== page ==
Bacterial toxin associated with Lahori Kabab-n-Grill in Kent
- Cases: 17
- Hospitalizations: 0
- Deaths: 0
- Status: Investigation is complete
- Location: Lahori Kabab-n-Grill, 26220 116th Ave SE, #107, Kent, WA 98030
- Event date: June 10, 2018
- Prior food safety inspections and current rating?
- This establishment was new at the time of this investigation and did not yet have a history with our food safety team. Check the online food inspection search engine for updates to its current rating.
Updated July 13, 2018
This outbreak appears to be over. Public Health investigated an outbreak of gastroenteritis with nausea, cramping, and diarrhea associated with Lahori Kabab-n-Grill in Kent.
Since June 11, 2018, Public Health has learned of 17 people from a single meal party who became ill after consuming food and beverage from a buffet at Lahori Kabab-n-Grill in Kent on June 10, 2018. Symptoms and timing of their illness onset were suggestive of a bacterial toxin, such as Bacillus cereus or Clostridium perfringens.
The exact food or drink item that caused the illness has not been identified, though this is not uncommon for outbreaks associated with a bacterial toxin.
Public Health actions
Environmental Health investigators visited the restaurant on June 12. Investigators found that the restaurant’s facilities were not adequate for buffet or catering services, so we asked them to discontinue these services (in addition to other food safety improvements) until further notice.
Environmental Health investigators revisited the restaurant on June 13 and June 15 and confirmed all risk factors have been addressed appropriately. As of July 12, the restaurant does not offer buffet or catering services.
No tests were done to confirm which pathogen caused the illness; bacterial toxin illnesses are typically short-lived and by the time people seek care, if they do at all, it is often too long after the suspected exposure to test.
About Bacillus cereus or Clostridium perfringens
- B. cereus and C. perfringens are bacteria that grow rapidly at room temperature. These bacteria are found in a variety of foods, including meats, rice, leftovers, sauces, soups, and other prepared foods, particularly those that have sat out too long at room temperature.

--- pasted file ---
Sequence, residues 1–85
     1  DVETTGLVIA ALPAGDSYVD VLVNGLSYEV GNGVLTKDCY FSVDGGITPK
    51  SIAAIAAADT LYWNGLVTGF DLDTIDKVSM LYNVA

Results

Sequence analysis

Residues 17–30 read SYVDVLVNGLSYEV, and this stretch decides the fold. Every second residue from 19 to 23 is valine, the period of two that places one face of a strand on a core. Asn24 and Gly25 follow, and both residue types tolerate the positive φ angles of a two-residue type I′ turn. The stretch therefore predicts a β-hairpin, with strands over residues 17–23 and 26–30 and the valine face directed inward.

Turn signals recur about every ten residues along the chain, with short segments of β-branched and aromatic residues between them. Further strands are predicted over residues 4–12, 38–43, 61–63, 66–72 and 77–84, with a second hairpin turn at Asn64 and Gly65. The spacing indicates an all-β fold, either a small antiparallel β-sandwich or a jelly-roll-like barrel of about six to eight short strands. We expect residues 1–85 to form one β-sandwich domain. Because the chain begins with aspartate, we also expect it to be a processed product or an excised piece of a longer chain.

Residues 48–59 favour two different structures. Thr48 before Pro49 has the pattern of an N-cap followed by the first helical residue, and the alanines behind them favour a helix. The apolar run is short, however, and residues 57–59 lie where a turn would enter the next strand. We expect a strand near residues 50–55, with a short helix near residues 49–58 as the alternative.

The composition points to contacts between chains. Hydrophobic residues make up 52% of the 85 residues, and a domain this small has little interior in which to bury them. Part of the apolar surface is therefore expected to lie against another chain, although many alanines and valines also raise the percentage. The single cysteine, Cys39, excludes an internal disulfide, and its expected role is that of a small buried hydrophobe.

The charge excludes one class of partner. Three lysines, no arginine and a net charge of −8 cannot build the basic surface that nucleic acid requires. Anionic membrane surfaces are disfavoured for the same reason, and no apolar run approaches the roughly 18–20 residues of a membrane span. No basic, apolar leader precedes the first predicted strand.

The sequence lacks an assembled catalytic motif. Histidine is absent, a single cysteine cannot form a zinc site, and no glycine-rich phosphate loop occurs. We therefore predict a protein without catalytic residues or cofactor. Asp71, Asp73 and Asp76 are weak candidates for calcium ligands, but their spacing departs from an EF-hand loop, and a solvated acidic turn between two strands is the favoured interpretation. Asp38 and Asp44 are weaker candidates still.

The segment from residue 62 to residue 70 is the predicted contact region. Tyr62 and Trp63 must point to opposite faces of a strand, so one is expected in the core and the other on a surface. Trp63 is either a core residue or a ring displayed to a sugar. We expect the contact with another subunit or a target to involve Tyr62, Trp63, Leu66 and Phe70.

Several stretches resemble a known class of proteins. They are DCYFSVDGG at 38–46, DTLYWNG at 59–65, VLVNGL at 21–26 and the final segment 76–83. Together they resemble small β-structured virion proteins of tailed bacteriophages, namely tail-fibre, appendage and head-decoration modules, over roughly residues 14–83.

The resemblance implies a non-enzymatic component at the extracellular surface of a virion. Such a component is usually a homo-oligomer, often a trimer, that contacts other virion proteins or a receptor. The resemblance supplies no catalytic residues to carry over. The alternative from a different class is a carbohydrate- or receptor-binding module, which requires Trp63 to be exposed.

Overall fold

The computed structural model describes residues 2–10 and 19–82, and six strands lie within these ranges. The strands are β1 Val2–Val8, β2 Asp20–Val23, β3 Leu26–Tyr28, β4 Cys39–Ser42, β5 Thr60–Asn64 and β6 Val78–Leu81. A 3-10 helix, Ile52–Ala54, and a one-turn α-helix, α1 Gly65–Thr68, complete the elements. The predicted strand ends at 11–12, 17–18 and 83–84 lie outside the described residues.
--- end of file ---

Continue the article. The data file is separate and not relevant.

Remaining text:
- Both bacteria are commonly found in the environment. Contaminated foods could be stored outside of safe temperature ranges at some point prior to arrival at the restaurant, possibly allowing for enough growth of the bacteria or their spores, which then can’t be completely removed by proper refrigeration and cooking.
General advice for reducing risk of contracting B. cereus and C. perfringens:
- Wash hands, cutting boards, and counters used for food preparation immediately after use to avoid cross-contamination of other foods.
- Food, especially meats, rice, and gravies should be cooked to a safe internal temperature, and then kept at 140°F (60°C) or warmer, or 40°F (4.4°C) or cooler.
- Leftover foods should be refrigerated as soon as possible and within 2 hours of preparation.
- It is recommended to put hot foods directly into the refrigerator. However, to allow rapid cooling, large amounts of food, such as soups, stews, and big cuts of meats, such as roasts, should be divided into small quantities for refrigeration.
- Leftovers should be reheated to at least 165°F (74°C) before serving.
- When in doubt, throw it out. Foods that have dangerous bacteria in them may not taste, smell, or look different. Any food that has been left out too long may be dangerous to eat, even if it looks OK.
More information about B. cereus and C. perfringens
Link/share this page at www.kingcounty.gov/outbreak/lahori